Turkmen horses and British ladies
Sacred Horses: Memoirs of a Turkmen Cowboy [Jonathan Maslow]
... Geldi had brought with him a Russian equestrian magazine, and now he showed me the back cover illustration. It was a poor-quality reproduction of a sensual eighteenth-century portrait by Franz Kruger of an Englishwoman in black skirt and habit riding sidesaddle. Geldi said, "I can positively say that horse is Akhal-Teke. Positively."
"How?" I asked.
"Number one," he said, "is the color, golden yellow. It is the unique color of the Akhal-Teke horse. No other breed possesses that bright golden coat. Number two, look at the pasterns. The pasterns on this horse are very thin between the heavy foreleg and hoof. Fine, delicate pasterns are another Akhal-Teke characteristic. It has been so with Turkmen horses since the earliest times. In die Pazyryk Hills in southern Siberia, archaeologists have discovered skeletons of domesticated horses twenty-five hundred years old. They were preserved in burial mounds in ice, like the Siberian mammoths. I have studied these skeletons at the Institute for the Study of the Horse in Moscow. These skeletons have the same anatomy as the Akhal-Teke. Third, you see the head? Look at the way the horse holds its head up high."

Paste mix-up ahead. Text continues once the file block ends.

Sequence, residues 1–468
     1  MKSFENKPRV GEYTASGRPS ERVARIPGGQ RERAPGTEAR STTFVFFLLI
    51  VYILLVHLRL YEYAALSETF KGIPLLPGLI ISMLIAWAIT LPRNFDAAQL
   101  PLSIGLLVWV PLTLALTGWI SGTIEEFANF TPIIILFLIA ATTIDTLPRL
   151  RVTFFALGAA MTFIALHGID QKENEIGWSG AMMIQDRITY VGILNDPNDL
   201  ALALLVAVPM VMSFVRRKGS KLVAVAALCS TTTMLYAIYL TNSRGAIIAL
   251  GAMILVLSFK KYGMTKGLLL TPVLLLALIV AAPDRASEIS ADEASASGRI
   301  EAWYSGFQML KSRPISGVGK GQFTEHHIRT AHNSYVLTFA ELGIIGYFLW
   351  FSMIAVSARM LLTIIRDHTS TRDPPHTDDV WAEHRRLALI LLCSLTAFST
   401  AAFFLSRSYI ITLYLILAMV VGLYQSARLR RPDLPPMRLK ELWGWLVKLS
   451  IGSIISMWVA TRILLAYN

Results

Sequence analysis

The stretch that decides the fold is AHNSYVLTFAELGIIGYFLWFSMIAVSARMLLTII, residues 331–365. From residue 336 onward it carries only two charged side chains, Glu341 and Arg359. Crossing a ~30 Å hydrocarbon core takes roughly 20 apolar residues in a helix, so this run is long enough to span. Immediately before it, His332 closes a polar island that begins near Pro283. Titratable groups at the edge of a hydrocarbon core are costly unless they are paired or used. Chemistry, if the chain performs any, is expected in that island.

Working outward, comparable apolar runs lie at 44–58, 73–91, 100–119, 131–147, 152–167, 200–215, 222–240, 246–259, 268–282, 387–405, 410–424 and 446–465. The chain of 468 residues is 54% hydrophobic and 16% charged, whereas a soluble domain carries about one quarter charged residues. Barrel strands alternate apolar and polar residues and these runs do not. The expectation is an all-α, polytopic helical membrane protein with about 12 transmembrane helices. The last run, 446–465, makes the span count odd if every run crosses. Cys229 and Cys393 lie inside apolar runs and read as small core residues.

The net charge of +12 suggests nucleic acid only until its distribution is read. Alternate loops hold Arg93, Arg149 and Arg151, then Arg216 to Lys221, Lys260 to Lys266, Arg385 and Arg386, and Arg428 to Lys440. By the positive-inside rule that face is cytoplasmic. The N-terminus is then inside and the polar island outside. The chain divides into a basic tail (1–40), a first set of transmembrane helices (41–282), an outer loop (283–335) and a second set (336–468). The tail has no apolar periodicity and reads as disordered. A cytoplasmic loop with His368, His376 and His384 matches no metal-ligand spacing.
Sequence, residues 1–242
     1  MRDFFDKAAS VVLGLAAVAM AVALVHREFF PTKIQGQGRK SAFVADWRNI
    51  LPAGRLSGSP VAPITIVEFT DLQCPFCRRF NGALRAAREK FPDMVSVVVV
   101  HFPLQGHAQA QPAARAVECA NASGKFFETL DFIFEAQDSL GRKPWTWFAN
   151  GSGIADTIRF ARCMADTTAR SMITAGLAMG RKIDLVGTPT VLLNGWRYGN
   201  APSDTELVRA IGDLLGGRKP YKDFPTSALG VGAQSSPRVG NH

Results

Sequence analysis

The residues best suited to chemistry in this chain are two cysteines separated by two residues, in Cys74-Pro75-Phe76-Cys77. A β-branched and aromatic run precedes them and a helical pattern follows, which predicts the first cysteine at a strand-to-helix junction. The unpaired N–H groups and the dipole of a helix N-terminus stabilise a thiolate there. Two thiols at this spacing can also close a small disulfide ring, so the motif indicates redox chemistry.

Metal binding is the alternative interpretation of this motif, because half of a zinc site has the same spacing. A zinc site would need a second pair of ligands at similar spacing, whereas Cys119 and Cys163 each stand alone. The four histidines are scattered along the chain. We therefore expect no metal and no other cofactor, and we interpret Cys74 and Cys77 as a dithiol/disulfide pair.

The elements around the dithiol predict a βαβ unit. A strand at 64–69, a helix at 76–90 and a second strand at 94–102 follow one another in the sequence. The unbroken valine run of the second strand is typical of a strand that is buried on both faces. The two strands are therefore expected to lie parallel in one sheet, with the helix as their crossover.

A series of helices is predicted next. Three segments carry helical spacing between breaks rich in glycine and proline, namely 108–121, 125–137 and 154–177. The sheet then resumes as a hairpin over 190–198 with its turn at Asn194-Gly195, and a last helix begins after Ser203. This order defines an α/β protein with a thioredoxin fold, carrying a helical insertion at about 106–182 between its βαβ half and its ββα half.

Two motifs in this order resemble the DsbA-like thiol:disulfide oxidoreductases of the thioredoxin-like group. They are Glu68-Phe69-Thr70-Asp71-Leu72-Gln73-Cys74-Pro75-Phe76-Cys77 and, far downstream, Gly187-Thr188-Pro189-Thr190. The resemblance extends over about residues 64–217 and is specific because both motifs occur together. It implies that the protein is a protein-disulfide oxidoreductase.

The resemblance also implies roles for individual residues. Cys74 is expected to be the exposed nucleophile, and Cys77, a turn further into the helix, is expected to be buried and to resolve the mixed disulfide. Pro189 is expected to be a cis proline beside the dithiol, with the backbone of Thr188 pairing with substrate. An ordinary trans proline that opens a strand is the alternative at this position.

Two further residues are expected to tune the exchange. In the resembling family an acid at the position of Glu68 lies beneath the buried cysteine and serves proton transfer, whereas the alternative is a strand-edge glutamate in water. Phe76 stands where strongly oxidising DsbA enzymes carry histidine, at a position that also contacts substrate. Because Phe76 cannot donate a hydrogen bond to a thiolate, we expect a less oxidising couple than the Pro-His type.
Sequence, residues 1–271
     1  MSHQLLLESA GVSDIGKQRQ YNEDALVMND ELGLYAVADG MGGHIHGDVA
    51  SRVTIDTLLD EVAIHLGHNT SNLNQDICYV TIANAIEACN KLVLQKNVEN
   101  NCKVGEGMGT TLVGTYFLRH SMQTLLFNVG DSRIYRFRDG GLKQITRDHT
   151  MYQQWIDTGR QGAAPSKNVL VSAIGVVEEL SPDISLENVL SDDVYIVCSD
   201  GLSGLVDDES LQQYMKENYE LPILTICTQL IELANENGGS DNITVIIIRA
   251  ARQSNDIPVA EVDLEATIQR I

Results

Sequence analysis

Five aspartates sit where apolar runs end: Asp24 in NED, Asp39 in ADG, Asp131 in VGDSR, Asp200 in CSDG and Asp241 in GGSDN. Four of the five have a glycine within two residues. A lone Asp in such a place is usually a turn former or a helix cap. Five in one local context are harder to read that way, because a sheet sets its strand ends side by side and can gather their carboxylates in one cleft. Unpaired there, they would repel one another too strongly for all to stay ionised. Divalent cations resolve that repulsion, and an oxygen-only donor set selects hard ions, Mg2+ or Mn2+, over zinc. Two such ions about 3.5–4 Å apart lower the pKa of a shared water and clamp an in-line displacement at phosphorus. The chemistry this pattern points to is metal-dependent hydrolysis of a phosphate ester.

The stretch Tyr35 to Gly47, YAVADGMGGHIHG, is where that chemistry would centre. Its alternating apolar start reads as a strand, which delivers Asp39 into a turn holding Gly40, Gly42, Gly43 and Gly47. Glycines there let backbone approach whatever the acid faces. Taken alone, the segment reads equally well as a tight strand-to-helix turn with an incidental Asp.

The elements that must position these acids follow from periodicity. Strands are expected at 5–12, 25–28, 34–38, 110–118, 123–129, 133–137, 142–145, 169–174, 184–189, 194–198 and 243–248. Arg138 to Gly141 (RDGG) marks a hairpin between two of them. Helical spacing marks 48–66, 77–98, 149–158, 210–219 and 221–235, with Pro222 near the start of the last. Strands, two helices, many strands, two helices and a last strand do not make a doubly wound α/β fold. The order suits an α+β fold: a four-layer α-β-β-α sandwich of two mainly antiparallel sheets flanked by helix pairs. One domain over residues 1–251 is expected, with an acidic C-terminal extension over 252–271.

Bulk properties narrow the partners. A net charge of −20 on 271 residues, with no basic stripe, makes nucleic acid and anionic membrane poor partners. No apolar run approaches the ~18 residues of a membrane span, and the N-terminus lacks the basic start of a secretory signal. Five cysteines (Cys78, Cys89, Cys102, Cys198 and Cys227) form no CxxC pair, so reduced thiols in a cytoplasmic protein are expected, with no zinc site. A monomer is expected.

Geldi stretched his own neck up and ran his hand along it to demonstrate the upright posture. "This is the desert horse, the ancient Turkmen horse. In the desert the horse needs to hold its head up high to see far and smell danger a long way off. Turkmen have always admired the long neck more than any other characteristic. In the desert our grandfathers would dig a hole in the sand, and put the colt's food down in it to make the colt stretch its neck to eat. You can always recognize the Akhal-Teke by its long neck and high head. The Arabian horse holds its head down."
I asked how it could come to pass that Turkmen horses from Central Asia would be ridden by eighteenth-century British ladies.
"We know the answer to this question." Geldi held up one finger as lie spoke. "The British! The British army was here, in Afghanistan, in Persia, in Turkey, in India. The British took our horses back to England. There is no doubt of it. I have researched this. Between two hundred and three hundred Akhal Teke mares and fifty stallions disappeared from Turkmenistan when the British military was fighting in Asia Minor and Central Asia. They took Turkmen horses to make the English Thoroughbred."